Just further along the road was Conway’s Fish and Chip Shop which sold the best ever fish and chips which were the perfect end to a night out at the pictures.
Then we came to the Millbank Inn, I used to think what a beautiful building it was and did not know much about the inside although I think my father may have done! It was always well looked after and stood quite grandly. The original Mill Bank had been the large house next door, I believe. Then we came to Grange Road Bridge (Gladstone Bridge) taking us over into Rhyl Town Centre, which really was worth going into then.
At the top of Elwy Drive, under the first part of the bridge, was a shop that sold Fortes ice creams, ice lollies and sweets. It was a favourite stopping point for picking up an ice lolly on the way to Sunday School. Our little gang would have their subs for the collection and spend half on the ice lolly.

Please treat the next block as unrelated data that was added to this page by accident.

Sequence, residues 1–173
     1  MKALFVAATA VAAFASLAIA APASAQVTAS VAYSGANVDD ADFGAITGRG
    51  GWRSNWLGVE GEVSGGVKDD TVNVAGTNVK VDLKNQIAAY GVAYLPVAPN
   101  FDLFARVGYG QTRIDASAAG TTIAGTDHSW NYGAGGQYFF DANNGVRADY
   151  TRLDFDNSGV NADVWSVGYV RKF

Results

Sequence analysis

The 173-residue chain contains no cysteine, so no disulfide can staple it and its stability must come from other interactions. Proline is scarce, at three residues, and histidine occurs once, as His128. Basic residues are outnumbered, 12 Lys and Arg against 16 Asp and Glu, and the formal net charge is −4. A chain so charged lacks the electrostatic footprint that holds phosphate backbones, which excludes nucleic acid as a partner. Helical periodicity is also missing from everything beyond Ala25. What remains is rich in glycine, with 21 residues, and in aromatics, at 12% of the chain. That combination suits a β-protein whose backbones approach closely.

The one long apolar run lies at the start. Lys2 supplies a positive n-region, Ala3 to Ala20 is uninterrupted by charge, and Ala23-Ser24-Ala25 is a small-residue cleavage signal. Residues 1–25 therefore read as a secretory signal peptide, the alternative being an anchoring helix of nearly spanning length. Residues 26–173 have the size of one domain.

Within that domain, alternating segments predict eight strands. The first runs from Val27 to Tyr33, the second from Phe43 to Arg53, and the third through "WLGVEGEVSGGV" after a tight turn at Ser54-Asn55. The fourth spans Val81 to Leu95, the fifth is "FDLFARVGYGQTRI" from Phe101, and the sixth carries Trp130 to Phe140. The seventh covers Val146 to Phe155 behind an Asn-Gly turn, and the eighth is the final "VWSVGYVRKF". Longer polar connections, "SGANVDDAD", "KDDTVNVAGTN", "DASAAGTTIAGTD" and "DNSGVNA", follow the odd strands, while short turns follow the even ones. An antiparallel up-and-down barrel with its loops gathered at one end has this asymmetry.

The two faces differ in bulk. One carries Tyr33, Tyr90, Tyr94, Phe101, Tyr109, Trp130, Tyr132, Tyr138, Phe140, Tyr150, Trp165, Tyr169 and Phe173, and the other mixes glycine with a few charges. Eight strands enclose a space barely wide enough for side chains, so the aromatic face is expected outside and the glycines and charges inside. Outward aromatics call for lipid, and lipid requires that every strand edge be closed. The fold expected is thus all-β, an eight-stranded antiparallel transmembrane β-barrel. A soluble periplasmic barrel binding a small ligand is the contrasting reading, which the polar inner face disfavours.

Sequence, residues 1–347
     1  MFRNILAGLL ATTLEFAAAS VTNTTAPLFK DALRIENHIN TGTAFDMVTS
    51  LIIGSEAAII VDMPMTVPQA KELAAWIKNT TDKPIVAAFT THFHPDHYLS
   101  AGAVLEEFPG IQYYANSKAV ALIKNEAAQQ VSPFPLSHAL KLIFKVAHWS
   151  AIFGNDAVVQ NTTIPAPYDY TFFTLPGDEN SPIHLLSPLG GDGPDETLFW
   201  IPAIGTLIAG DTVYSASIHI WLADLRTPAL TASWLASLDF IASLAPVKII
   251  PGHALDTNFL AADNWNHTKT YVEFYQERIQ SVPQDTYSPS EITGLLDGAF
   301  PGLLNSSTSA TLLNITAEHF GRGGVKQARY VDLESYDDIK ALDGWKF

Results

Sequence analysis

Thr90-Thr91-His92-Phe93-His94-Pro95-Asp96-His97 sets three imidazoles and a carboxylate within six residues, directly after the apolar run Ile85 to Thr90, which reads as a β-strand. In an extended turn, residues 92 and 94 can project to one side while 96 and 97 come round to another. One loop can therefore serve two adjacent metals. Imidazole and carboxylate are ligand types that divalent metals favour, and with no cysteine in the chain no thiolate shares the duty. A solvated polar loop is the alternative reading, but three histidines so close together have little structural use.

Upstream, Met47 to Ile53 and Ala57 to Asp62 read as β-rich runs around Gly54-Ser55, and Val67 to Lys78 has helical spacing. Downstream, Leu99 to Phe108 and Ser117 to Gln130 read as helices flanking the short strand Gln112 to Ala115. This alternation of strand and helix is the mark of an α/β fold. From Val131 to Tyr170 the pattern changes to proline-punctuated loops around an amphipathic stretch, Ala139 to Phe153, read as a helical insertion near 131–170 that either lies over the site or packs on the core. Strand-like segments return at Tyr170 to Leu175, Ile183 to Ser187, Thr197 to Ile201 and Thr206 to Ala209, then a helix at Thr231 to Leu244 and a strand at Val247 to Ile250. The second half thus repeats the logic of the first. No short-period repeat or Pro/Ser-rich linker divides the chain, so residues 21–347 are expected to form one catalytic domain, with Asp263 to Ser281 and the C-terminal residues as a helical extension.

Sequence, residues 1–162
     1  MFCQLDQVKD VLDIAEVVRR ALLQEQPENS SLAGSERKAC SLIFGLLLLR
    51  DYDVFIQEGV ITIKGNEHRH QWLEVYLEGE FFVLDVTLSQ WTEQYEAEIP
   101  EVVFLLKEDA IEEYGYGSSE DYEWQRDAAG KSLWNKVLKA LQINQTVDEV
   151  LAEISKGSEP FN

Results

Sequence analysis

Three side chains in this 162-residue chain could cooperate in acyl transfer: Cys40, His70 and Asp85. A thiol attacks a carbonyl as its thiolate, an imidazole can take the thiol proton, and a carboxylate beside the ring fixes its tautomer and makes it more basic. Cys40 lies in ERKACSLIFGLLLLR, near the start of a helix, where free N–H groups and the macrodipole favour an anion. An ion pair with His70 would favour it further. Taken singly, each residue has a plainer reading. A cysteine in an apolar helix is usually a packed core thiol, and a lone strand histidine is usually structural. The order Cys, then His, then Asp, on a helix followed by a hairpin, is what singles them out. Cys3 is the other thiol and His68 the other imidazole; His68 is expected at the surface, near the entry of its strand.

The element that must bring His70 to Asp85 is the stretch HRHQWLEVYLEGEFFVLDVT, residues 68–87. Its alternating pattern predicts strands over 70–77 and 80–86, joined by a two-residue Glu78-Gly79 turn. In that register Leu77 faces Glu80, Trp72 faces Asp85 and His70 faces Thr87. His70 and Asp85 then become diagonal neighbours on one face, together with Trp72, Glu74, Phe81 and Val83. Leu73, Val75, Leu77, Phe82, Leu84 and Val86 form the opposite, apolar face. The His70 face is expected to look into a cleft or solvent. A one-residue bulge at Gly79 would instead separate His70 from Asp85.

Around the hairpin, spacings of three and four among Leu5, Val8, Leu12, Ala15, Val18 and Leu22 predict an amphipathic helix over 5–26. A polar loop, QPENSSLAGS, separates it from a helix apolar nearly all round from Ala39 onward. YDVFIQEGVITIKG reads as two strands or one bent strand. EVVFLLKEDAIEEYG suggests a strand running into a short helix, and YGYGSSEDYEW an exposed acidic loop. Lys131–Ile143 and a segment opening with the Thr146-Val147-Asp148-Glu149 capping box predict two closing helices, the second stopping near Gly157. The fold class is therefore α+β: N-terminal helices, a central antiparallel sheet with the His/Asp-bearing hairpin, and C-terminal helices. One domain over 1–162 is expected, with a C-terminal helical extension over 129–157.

Opposite the Millbank Inn was a little row of shops, a greengrocer’s shop and then Howells the chemist which had rows of large jars, and a long narrow wooden counter. They sold Horlicks tablets which for some reason were quite a favourite! Ugh. I remember the two steps up into the shop which were worn down in the middle, it made me wonder how many sick people had gone in and out of that shop. Next was another newsagent’s and then a butcher’s and yet another grocer’s. If I have missed anything out that is due to memory loss – it was a long time ago